Patterns of seroconversion for SARS-CoV-2 IgG in patients with malignant disease and association with anticancer therapy

Patients with cancer are often immunosuppressed because of cancer itself and cancer-directed therapy. This may impact their ability to manifest an immune response to COVID-19. This post describes our study investigating the seroconversion for SARS-CoV-2 IgG in this patient population.

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It has been over a year since the World Health Organization (WHO) declared the Coronavirus disease-19 (COVID-19) a global pandemic. Several studies since have shown that the ‘two Cs’, cancer and COVID-19 can be a deadly combination. Being in Bronx, New York which was one of the hardest hit areas early in the surge of COVID cases in Spring 2020 and witnessing the outcomes first-hand inspired us to contribute as much as we can to the understanding of this disease in this vulnerable population.

The surge in COVID cases needed an all-hands-on-deck approach to battling the exponentially increasing cases at our hospital system. This meant deployment of trainees and physicians from their routine specialties to taking care of patients with COVID-19. As an oncology trainee, I was first deployed to the Oncology floor and later to a general medicine floor during the surge of cases. During this time, we witnessed many of our patients, especially those with hematologic malignancies, contracting COVID-19 and unfortunately passing away. On the other hand, we also observed many patients recover from COVID-19 infection and continue their cancer care. Patients with cancer often receive therapies that affect their immune system  as we strive to put their cancer in remission. We wondered if the type of cancer or the type of immunosuppressive treatments would in any way impact patients with cancer’s ability to mount an immune response to the virus. This would be impactful in our immune response to a  novel virus and protection from future re-infection.

To explore this question further, we then decided to study the immune response mounted by cancer patients better and after approval from the institutional review board and ethics committee collected data on our patients who survived COVID-19 infection. We identified a total of 261 patients who met the inclusion criteria for our study. We collected data pertaining to their demographics, cancer diagnosis, therapies they had received for the cancer, their comorbidities and data pertaining to SARS-CoV-2 RT-PCR and IgG testing. Our study had 77% solid malignancy patients and 23% hematologic malignancy patients. Overall, we observed that our cohort had a high rate of positive SARS-CoV-2 IgG test (92%) however patients with hematologic malignancies had a seroconversion rate of 86%. This important finding was statistically significant using a univariate Fisher exact test.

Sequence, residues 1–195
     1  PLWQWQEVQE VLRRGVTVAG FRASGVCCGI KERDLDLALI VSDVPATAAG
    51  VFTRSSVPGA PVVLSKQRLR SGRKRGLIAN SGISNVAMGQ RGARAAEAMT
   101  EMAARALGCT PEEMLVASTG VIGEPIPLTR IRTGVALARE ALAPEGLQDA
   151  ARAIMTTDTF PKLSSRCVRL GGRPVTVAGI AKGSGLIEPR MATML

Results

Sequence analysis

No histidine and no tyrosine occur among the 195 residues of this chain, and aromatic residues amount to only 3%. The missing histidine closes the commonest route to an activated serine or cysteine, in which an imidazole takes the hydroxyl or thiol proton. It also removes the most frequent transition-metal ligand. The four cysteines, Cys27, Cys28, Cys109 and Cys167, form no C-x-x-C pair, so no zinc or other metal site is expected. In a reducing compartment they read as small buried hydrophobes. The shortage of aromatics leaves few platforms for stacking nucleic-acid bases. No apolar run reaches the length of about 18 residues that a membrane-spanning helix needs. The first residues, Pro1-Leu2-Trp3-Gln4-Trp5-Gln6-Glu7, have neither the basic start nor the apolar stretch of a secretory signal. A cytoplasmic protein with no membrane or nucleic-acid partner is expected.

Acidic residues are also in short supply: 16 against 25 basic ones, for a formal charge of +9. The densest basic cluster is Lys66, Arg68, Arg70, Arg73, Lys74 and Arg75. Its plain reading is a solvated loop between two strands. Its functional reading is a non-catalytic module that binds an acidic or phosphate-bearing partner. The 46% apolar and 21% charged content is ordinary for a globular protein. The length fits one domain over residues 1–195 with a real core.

We then attempted to account for potential confounders and based on prior studies hypothesized that cancer status and cancer-therapy within 90 days preceding the COVID test could potentially be confounders. However, in a multivariate logistic regression model, our differential seroconversion rates between solid and hematologic malignancies remained statistically significant.

Furthermore, we observed that specific therapies, anti-CD20 antibody therapy like rituximab and patients that had undergone stem cell transplantation had significantly lower seroconversion rates, 59% and 60% respectively. On the contrary, patients that had received endocrine therapy and anti-PD1/PD-L1 monoclonal antibodies showed high rates of seroconversion, 98% and 100% respectively. Associations between seroconversion and anti-CD20 antibody therapy, stem cell transplant and endocrine therapy were statistically significant using a univariate Fisher exact test.

Additionally, we observed that patients with hematologic malignancies shed the SARS-CoV-2 virus for a significantly longer period of time (mean 61 days) versus patients with solid malignancies (mean of 33 days); results statistically significant by ANOVA Chi-square test.

Collectively, these results indicated that most patients with cancer were able to mount an immune response to SARS-CoV-2 infection at a rate similar to the general population. However, these findings also highlighted a specific patient population, those with hematologic malignancies and receiving anti-CD20 antibody therapy and stem cell transplant to be at risk of lower seroconversion rate and longer virus shedding time. These observations indicate that this particular patient population needs close monitoring and surveillance during SARS-CoV-2 infection.

As vaccinations are being rolled out on a mass scale in an effort to curb this pandemic, our findings may be extrapolated to suggest that while most patients will develop an immune response similar to general population however in specific cancer populations, it may be worthwhile to closely monitor the immune response and study the need for booster dosing.

This global pandemic will leave a mark in history for its scale, death toll and driving scientific innovation in terms of testing and vaccine development at lightning speed. The senior authors of the study, Drs. Verma, Goel and Halmos witnessed the HIV epidemic early in their training and their mentorship proved instrumental in developing this study. As a trainee facing their first global pandemic event, I have gained a unique perspective witnessing the events over the past one year and I am hopeful that our findings are useful to the scientific community.


Astha Thakkar

MD, Montefiore Medical Center